“We have had enough with old ways of thinking,” declared Dr. Sebastian Gorka during an exclusive interview at the White House last week. “The last 30 years of thinking have just been unimaginative. It doesn’t serve the U.S. purpose. We’ve seen about 7,000 people killed in uniform. We have to be smarter about it.”He noted that the Trump administration will apply “all the instruments of power in the right mixture” to its NSS.The pillars the strategy is being built upon include rejecting political correctness along with the previous Republican and Democratic approaches to national security, assisting allies while refusing to fight their conflicts, and ensuring that American leadership is back. …“It’s not diplomacy or war, intervention or isolationism. It is the full spectrum of options of statecraft with American leadership back,” he told Breitbart News, adding, “We jettisoned political correctness. We jettisoned cliché bipolar ways of thinking.”
The most clichéd move in foreign policy is to say that you are going to reject “old ways of thinking.” And if Gorka thinks that political correctness was somehow shackling American power, it suggests a breathtaking ignorance about the wellsprings of American power and purpose.
Let’s face it, the Trump administration is intellectually bankrupt. Its policies to date amount to little more than warmed-over GOP ideology. Its strategists can do little beyond finding ways to make the phrase “Make America Great Again” appear in strategy documents. If this administration ever gets its act together, it will need better idea entrepreneurs than the likes of Kushner or Gorka.
This is where the situation gets even worse for Trump, however. One could argue that Trump’s team has faced a severe ideational constraints. His administration lacked the intellectual apparatus that a more mainstream Democrat or Republican could have found upon taking office. When Trump was inaugurated, there was only one Trump-friendly journal, the newly created American Affairs, and one semi-sympathetic think tank in the Heritage Foundation.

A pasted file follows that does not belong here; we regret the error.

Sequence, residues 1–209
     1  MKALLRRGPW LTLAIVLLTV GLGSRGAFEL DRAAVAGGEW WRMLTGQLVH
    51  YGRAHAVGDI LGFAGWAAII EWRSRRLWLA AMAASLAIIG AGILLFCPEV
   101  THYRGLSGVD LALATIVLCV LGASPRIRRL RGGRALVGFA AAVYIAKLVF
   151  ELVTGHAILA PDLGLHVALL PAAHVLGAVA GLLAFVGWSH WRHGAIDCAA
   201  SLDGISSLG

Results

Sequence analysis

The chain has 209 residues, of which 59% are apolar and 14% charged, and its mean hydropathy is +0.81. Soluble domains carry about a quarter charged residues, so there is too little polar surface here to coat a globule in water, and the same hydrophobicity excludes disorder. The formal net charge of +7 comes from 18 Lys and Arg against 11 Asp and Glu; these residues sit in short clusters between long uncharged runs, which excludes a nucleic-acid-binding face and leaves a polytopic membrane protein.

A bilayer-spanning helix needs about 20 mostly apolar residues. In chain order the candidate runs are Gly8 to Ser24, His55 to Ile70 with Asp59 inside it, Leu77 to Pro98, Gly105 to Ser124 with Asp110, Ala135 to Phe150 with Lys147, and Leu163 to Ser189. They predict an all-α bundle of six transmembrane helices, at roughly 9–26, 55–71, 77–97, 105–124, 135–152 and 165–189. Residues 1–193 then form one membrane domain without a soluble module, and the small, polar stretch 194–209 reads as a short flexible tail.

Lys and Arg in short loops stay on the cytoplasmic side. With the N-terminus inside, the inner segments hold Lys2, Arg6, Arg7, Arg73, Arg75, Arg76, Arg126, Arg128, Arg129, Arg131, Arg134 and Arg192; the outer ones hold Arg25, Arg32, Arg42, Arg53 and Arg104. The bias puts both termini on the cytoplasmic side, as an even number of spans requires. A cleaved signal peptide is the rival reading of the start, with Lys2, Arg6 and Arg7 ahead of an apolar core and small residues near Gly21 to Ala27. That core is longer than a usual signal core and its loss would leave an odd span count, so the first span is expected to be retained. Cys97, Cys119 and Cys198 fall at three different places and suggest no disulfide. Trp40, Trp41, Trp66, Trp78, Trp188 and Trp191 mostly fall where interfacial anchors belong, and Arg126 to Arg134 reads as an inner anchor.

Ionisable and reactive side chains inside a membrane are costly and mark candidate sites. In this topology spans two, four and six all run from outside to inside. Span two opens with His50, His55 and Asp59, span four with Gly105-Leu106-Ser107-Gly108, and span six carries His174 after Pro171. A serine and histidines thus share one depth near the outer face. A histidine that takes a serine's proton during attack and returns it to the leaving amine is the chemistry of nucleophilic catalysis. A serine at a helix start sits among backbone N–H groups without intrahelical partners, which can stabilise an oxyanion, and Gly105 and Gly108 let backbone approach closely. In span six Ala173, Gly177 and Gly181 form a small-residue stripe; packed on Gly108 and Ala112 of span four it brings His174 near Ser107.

Six months later, American Affairs has produced an interesting article or two, but little in the way of an concrete policy ideas. And Heritage is now trying to distance itself from Trump. After Jim DeMint’s ouster, it would appear that the board is looking for a replacement that is not very Trump-friendly. According to Politico’s Eliana Johnson, Heritage wants to hire Nebraska senator and explicit never-Trumper Ben Sasse:
The entreaties are one sign that Heritage may be looking to change course after the May ouster of its former president, Jim DeMint. In the Senate, DeMint was a leading antagonist of establishment Republicans, and at Heritage he suffered from the perception that the organization was becoming too political — and too reflexively pro-Trump — as its focus on scholarship fell by the wayside….The organization’s interest in Sasse — sources say board members have been persistent to the point of irritating the senator — indicates that it is looking for a reset. Other conservative think tanks have been less explicitly pro-Trump than Heritage was under DeMint. While American Enterprise Institute President Arthur Brooks, for example, has sought to explain the source of Trump’s support, he has stopped short of expressing support for him.
If Trump wants to be known for anything other than “mediocre conventional Republicanism,” then he is going to need to commune with The Ideas Industry. His administration has been so intellectually toxic, however, that he has relied on D-listers. There isn’t a first-rate policy intellectual anywhere to be found in Trump’s White House, and it shows. The GOP tendency to alienate experts has not helped Trump either. The one think tank that was friendly to the executive branch wants to be more independent.
The debate of the week is whether new Chief of Staff John Kelly can bring order to the chaos at the White House. That is a tall order, but even if he could, he has a problem. Without a vibrant wellspring of ideas, the Trump White House wouldn’t know what to do with its more organized structure. And until the White House invests in the intellectual brainpower it desperately needs, the result will be further policy drift.
Even in its current desiccated form, the Trump administration will pursue some policies that play to the base. Make no mistake, however, this is a White House bereft of strategy, of power, and apparently, of ideas.
Otherwise, everything is going great.